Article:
Unfortunately, Jesse didn’t get to see his brother wrestle at their home tournament this year, as the Magnolia Invitational was just one of several events that had to either reschedule or cancel due to this year’s harsh winter conditions. However, many tournaments were able to take place, including some tournaments that saw new teams take home top honors.

George Washington claimed the Nitro Pat Vance Invitational for the first time over defending champion Calhoun County. The Patriots have a team full of underclassmen, six of whom are ranked among the state’s top eight wrestlers. Look for them to do well not only in this year’s regional and state tournaments, but in the next few years.

Ripley is also looking to do quite well at the regional and state tournaments. Although quite a bit more experienced with seven seniors on the team, the Vikings claimed their first-ever Winner’s Choice tournament last month and now have their sights set on defending the AAA Region 3 title.

As happy as I am for the George Washington and Ripley wrestlers, I have to say I’m particularly excited about the resurgence of the Wirt County wrestling team. The Tigers have come on strong since January, winning three out of their last four tournaments (Braxton County, Calhoun County, and Bob Zide Rumble).

I suppose one could say I’m a little biased, since I sort of have a “family” connection to the team. As I’ve mentioned several times, my brother-in-law is former Wirt County wrestler Frank Burton. Frank’s brother Joe was an assistant coach to Matt Ashley back in the 90’s when Wirt and Cameron seemed to battle it out on an annual basis. Frank and Joe’s brother Danny Burton is enjoying the success of his grandson Tyler Cheuvront, a freshman who’s currently ranked 4th in the state at 112. Tyler’s cousin Jon Cain is currently ranked 5th at 103. Although they’re “technically” not related to me, Tyler and Jon are part of a close-knit family unit to which my sister Missy is connected, so I like to think of them as my extended family. And speaking of family, I can’t help but think how my dad would have enjoyed watching Tyler and his little brother Cole wrestle. Cole was recently named the Outstanding Wrestler at the Wood County Recreation League County Championships - another tournament Dad and I enjoyed together on more than one occasion.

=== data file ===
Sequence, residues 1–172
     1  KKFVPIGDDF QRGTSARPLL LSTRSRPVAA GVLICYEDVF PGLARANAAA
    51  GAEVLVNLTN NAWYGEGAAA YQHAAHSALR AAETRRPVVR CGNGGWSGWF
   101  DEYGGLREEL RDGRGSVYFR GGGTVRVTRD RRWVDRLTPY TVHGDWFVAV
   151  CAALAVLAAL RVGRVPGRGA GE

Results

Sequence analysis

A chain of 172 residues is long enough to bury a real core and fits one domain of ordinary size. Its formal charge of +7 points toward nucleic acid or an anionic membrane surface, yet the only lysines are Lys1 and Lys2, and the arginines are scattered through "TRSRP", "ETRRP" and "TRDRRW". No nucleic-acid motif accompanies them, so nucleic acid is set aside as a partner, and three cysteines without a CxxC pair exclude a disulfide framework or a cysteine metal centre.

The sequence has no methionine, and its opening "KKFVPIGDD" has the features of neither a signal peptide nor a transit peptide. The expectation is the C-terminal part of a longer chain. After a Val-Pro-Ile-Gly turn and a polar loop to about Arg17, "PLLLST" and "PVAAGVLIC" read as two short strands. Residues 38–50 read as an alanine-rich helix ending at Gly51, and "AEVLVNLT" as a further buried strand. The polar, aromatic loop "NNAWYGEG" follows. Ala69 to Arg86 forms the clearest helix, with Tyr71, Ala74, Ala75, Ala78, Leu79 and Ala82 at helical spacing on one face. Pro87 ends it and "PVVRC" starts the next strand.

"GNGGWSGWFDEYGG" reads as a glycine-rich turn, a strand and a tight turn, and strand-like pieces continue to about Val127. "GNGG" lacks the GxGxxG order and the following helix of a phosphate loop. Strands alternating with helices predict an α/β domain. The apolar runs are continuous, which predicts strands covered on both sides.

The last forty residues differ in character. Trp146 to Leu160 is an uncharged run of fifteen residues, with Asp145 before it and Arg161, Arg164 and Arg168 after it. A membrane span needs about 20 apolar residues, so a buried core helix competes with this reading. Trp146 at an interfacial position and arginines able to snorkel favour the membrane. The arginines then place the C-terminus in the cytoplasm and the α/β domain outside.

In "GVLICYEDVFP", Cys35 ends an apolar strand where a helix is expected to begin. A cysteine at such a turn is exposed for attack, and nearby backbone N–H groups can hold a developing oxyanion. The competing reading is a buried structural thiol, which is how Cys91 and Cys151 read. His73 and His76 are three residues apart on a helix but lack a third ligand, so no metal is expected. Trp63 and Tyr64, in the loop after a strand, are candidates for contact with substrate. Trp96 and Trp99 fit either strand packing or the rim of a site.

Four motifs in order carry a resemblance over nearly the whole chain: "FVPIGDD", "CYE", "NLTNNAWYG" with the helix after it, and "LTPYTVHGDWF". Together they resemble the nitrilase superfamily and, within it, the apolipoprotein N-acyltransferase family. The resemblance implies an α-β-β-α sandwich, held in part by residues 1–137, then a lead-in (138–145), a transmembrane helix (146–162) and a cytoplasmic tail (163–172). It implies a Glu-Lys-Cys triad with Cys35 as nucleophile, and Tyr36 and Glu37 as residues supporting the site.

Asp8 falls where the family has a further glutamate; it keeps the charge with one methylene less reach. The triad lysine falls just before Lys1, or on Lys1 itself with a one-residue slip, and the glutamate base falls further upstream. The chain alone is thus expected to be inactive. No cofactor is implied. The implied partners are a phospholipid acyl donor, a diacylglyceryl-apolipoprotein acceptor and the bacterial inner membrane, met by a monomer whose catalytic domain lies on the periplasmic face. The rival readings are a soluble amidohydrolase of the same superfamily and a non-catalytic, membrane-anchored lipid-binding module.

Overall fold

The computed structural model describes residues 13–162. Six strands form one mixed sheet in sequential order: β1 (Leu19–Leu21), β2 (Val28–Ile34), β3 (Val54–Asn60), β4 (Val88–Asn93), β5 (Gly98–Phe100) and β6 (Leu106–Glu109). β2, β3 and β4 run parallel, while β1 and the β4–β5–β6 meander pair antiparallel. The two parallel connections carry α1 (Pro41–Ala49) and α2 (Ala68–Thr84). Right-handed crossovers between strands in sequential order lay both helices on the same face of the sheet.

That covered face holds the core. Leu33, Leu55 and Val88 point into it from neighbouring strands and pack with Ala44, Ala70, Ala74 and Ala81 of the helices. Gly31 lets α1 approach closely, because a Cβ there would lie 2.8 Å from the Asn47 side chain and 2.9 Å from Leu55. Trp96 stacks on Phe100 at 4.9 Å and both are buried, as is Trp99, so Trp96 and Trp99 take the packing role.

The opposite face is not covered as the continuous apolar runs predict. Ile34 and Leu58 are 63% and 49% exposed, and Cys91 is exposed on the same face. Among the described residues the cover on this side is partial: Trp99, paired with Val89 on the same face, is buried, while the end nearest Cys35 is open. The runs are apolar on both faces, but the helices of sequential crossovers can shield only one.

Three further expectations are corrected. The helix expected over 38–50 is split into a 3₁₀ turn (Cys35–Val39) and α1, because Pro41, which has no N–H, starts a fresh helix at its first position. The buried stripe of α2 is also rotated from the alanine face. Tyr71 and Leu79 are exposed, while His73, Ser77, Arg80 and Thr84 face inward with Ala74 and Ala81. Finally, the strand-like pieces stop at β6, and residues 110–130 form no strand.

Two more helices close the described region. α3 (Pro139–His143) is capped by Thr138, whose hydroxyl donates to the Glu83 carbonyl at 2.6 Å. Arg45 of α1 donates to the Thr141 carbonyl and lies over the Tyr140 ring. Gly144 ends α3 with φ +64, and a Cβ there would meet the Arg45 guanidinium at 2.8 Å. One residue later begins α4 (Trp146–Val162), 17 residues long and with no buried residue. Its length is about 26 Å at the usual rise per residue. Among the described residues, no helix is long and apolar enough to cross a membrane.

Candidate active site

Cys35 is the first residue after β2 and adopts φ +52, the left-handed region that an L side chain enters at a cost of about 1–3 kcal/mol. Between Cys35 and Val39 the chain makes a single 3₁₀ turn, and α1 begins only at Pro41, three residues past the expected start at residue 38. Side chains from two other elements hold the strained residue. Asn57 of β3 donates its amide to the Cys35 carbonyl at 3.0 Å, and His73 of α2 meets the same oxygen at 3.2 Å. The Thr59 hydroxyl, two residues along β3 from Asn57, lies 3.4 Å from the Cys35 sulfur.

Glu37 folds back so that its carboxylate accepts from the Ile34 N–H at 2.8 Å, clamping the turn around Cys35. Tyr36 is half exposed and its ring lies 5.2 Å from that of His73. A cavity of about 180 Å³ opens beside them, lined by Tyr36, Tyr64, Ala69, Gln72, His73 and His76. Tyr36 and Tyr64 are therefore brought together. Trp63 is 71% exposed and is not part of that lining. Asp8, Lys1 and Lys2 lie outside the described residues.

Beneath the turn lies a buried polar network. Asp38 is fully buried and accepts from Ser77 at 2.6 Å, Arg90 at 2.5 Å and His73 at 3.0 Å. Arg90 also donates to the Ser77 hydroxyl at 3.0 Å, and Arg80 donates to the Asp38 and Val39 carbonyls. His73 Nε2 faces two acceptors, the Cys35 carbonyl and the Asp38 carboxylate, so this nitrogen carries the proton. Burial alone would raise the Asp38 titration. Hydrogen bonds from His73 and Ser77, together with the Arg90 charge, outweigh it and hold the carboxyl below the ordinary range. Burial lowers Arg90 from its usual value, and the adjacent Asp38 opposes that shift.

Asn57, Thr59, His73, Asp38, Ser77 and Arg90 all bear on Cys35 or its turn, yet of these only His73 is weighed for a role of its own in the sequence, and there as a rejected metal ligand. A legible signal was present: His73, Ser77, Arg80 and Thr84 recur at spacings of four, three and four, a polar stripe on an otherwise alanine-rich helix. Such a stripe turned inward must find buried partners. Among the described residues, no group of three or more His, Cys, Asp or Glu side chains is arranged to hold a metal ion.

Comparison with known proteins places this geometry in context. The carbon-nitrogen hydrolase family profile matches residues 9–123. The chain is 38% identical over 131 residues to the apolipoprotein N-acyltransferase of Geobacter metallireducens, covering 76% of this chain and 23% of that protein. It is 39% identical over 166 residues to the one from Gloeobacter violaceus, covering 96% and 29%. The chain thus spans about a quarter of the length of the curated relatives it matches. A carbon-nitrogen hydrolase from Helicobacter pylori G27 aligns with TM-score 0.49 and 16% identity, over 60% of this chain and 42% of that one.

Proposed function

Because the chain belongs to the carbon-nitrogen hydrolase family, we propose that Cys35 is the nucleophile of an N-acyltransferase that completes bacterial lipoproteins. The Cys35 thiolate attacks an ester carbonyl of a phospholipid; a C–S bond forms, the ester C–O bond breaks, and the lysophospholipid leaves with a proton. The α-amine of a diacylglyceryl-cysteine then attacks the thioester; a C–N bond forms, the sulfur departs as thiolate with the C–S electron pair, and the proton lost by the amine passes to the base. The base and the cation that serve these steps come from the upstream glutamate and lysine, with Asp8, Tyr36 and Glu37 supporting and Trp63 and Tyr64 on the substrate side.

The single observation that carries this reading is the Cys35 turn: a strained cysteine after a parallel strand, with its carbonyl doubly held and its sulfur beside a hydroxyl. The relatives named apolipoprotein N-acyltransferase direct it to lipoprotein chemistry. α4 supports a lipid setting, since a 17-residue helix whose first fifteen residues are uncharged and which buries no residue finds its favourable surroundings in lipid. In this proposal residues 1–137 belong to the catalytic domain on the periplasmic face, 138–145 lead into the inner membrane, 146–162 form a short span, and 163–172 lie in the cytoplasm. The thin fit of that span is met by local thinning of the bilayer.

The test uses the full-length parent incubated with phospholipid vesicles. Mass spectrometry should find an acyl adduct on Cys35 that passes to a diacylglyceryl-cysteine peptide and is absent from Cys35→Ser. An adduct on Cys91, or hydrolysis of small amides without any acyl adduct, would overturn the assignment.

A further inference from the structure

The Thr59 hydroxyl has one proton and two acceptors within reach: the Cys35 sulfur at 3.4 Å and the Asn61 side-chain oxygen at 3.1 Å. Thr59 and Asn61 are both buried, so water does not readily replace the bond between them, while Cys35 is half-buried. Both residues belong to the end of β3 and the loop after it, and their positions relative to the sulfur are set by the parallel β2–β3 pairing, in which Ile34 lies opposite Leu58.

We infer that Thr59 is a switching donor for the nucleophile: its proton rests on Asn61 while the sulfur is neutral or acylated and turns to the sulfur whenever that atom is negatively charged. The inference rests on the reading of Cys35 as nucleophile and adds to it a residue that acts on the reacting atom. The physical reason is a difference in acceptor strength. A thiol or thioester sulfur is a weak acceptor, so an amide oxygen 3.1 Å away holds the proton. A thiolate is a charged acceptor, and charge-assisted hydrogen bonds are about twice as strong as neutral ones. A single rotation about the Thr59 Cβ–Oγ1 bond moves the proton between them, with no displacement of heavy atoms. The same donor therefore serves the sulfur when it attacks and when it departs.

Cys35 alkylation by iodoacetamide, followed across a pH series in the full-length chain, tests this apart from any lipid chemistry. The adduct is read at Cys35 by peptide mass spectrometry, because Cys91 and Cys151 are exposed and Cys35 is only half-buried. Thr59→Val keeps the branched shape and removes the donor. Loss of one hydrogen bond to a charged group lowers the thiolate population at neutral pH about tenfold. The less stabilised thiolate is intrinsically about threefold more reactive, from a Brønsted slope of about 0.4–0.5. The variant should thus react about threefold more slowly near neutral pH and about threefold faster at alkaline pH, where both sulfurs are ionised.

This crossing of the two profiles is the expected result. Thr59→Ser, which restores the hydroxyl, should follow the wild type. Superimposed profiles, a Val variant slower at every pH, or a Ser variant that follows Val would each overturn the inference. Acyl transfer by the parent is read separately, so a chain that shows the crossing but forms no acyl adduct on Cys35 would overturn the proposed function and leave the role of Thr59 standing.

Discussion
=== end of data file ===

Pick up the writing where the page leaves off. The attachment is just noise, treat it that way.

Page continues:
And that brings me back to my memories of traveling to wrestling tournaments with my dad. This weekend’s AA/A Region 1 wrestling tournament will be held at Oak Glen High School. It just seems like yesterday that I drove Dad up to Oak Glen for the 1996 regional tournament back when Oak Glen was still a AAA school. It also just happened to be the last time the two of us travelled to a tournament together.

We lost Dad in December of that year, just one year before I started writing “Mat Lines”. I’d like to think, though, that he can still “see” the articles and that he’s sitting up there in Heaven telling anyone who will listen about “ol’ Jen” and her “rasslin’ articles”. Well, Dad, this one’s for you.

Contact Jenny Sullivan at sullivj2@ohio.edu